Curtailment of iron-ore capex will thus be a massive blow to Australia and ongoing capex in copper a big boost to Chile.
But that will take place against the background of what Nasser bemoaned as a fourfold deterioration of the investment horizon.
Firstly, Australia was increasingly one of the higher-cost countries in the world.
Secondly, a more difficult industrial relations environment had lowered productivity, exemplified by BHP Billiton’s Queensland coal business alone having faced 3 200 incidents of industrial action last year, with the company receiving 1 000 industrial- action notices and then 500 of them being withdrawn less than 24-hours before the due date.
Thirdly, taxes and royalties had gone up, and, fourthly, there had been global uncertainty since the 2008 financial crisis, which has left in its wake the resignation of the Prime Ministers of Greece, Italy and the Netherlands; the voting out of governments in the UK, France and Spain; the declaration by the governor of the Bank of England of an end to 50 years of rising living standards; and the emergence of changes in the troubled eurozone that were previously considered unthinkable.
In response to Nasser’s comments, Australia’s Construction, Forestry, Mining and Energy Union national president, Tony Maher, pointed to BHP Billiton’s hefty profit position and said it was time BHP Billiton stopped “whinging”.
“BHP can’t blame unions, or industrial laws, for its failure to work with employees and successfully implement a change programme.
“It’s not our job or the government’s job to convince workers they need to accept longer rosters or have contractors on lower pay,” Maher said.
Headlong into Cash
Meanwhile, major global investors in antirisk mode are even selling off gold, the traditional safe haven, to move into dollars, US treasuries and sovereign debt.
Investors are raising their cash weight-ings, a World Gold Council official explained.
Moreover, Liberum analyst Dominic O’Kane says that, with the exception of copper and oil, all major commodities are close to marginal cost and equity valuations have already fallen and have been derated.
O’Kane says that mining majors are rethinking organic growth plans and looking to merger-and-acquisition alter- natives as valuations fall.
He says that this is taking place against the background of the cost of building new projects rising by 20% to 25% year-on-year and the cost of buying producing assets falling by 25% to 50% year-on-year. Buying also has the benefit of not adding incremental supply at a time of falling demand.
Markets, he adds, are in the grip of macro concerns in Europe, which will make it difficult for the sector to rally soon, at a time when China is bottoming out under its transitional political year.
In March, China lowered its gross domestic product (GDP) target for 2012 to 7.5% from the 8.0% targeted in 2011.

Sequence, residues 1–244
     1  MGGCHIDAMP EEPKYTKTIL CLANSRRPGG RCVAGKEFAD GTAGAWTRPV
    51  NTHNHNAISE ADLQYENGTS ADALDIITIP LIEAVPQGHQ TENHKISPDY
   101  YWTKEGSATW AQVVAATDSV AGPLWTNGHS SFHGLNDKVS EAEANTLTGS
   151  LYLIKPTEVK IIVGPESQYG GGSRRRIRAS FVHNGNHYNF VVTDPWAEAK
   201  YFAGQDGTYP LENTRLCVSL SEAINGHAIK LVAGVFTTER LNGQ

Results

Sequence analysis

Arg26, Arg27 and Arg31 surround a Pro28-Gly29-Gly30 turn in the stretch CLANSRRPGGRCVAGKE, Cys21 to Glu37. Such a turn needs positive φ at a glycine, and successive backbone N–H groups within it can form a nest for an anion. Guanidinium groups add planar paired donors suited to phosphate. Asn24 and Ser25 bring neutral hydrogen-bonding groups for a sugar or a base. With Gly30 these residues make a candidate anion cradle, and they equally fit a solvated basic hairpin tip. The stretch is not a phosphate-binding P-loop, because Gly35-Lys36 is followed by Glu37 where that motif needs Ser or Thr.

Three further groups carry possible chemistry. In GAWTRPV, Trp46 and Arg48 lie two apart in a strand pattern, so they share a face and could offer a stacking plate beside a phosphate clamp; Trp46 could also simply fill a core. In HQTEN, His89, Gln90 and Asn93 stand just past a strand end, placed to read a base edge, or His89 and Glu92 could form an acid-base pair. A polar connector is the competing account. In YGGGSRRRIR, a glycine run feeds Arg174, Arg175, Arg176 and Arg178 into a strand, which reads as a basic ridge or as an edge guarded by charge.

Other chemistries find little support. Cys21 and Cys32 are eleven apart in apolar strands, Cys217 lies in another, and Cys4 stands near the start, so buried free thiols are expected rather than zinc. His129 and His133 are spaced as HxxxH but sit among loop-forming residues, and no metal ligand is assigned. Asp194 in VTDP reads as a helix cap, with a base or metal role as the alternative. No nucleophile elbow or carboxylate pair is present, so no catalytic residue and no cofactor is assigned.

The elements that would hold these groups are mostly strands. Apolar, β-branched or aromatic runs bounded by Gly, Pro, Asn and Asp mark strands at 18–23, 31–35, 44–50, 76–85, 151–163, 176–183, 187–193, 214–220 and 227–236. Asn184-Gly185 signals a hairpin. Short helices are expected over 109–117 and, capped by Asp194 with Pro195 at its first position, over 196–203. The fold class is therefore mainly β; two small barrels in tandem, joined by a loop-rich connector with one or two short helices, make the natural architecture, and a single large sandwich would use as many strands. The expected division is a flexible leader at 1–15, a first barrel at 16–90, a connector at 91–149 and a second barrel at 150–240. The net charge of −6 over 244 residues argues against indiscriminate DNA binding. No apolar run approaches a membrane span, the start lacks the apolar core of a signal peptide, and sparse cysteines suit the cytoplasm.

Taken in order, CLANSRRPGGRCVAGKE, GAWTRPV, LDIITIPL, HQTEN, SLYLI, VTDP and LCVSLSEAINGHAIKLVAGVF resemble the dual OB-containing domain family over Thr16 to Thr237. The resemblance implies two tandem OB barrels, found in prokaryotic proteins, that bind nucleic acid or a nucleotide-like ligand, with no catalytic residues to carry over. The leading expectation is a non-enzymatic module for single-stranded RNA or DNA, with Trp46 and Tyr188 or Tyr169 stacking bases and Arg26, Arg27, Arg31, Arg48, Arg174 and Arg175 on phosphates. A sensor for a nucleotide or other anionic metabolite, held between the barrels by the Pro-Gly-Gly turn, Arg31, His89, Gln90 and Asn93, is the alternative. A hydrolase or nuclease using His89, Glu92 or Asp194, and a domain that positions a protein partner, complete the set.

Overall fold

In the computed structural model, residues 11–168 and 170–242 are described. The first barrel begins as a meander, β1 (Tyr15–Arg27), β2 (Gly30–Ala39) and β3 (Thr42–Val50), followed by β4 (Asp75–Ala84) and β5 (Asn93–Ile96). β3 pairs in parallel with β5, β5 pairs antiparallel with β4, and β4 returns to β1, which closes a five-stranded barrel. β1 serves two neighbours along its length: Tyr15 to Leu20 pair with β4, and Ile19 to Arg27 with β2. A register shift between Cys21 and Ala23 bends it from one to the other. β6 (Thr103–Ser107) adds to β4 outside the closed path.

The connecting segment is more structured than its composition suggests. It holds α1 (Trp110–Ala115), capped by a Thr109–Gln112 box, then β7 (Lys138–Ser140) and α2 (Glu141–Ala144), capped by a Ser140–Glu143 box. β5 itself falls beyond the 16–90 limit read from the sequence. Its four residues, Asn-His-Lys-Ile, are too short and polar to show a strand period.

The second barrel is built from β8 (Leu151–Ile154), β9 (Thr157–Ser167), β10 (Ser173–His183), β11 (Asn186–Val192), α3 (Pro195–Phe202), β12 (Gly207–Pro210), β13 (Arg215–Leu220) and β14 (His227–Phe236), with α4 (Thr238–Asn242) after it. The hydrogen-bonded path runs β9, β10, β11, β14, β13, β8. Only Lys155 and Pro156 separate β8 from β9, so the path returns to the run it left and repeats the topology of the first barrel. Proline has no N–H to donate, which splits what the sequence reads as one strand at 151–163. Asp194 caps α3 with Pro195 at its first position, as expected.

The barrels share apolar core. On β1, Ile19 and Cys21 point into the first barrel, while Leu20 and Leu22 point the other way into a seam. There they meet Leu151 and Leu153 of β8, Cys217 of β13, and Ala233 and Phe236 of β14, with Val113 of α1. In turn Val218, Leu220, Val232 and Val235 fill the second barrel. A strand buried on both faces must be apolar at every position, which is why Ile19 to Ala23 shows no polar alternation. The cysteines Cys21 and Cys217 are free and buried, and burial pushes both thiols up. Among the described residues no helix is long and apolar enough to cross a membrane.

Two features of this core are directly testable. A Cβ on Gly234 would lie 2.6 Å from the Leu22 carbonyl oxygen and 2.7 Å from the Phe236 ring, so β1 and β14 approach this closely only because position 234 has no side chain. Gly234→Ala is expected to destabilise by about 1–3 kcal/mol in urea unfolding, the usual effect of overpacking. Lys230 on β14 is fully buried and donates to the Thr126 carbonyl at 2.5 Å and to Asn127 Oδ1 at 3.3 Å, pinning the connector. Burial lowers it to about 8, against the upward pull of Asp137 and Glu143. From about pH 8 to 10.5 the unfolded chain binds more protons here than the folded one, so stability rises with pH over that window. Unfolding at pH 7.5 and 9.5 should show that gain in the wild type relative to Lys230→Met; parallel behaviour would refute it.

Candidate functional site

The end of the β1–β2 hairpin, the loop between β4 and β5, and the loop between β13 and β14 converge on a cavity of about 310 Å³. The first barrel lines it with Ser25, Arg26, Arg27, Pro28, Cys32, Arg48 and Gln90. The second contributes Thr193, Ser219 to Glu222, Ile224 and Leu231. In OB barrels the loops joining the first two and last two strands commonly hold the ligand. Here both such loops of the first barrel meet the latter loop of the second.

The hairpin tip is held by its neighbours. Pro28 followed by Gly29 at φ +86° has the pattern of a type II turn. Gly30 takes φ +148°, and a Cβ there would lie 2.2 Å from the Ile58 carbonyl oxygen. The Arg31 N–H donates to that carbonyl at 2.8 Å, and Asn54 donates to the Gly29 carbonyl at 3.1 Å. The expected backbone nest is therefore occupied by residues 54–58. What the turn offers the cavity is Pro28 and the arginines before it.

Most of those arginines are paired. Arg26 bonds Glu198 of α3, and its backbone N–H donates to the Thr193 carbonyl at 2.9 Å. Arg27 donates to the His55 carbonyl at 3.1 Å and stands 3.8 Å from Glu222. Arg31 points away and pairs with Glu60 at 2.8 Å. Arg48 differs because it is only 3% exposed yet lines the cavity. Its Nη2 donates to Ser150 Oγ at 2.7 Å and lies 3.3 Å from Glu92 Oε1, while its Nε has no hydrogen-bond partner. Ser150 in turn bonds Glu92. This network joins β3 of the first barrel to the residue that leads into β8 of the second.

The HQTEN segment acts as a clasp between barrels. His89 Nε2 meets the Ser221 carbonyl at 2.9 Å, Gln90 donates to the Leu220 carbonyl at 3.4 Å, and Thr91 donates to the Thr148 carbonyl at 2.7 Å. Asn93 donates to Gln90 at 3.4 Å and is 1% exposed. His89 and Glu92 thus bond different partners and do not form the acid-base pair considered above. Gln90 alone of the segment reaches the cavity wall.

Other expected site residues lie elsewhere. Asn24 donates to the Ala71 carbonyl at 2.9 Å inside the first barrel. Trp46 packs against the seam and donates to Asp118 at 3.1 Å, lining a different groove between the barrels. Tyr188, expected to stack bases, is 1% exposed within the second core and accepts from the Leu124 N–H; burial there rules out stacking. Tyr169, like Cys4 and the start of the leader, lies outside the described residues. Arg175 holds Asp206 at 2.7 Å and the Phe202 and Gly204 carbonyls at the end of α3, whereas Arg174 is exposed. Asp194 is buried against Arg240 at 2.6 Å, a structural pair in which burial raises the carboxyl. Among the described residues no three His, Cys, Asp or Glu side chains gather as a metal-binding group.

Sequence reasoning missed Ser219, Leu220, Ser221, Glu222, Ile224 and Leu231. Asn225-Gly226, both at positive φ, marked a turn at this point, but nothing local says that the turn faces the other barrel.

China’s first-quarter GDP of 8.1% was its lowest in 11 quarters, down from 9.7% in the first quarter of last year.
On the plus side, Liberum thinks that China’s regime change at the end of 2012 may be a catalyst for a new wave of Chinese domestic infrastructure spend as well as increased foreign investment to secure raw materials.
Large Brazilian iron-ore producer Vale is also keeping its faith in China and refusing to go into cutback mode.
Vale CEO Murilo Ferreira has told the media that those who have been betting against Chinese growth since the 1990s will be wrong again.
His view is that China is just getting started and says that the company’s Serra Sul operations, due to start producing in 2016, will raise the company’s overall output by almost a third to nearly 400-million tons a year.
South African-created Anglo American is another continuing to stand firm for the time being on its $100-billion programme of approved and unapproved projects that include iron-ore, coal, copper and niobium.
However, China’s iron-ore imports have been falling and there is currently a relatively widely held view that the resources sector is unlikely to have the benefit of the halcyon commodity prices of the past decade.
UK investment analyst firm Fairfax comments, in the main, mining majors are “no longer competing with each other on the lengths of their project pipelines but rather competing to see who can conserve capital best”. “What is critical now is how much capital is firmly committed and how much can be held back to weather the forth-coming financial storm.”
But, as was the case after the 2008 global financial meltdown, mining project cutbacks were quickly followed by project restarts, because raw material demand remained firm. What may be now be construed as the beginning of the end of the resources supercycle may well turn out to be a significant dip within an ongoing period of stronger-for-much-longer secular demand that will be looked back on as a note- worthy but short-lived aberration.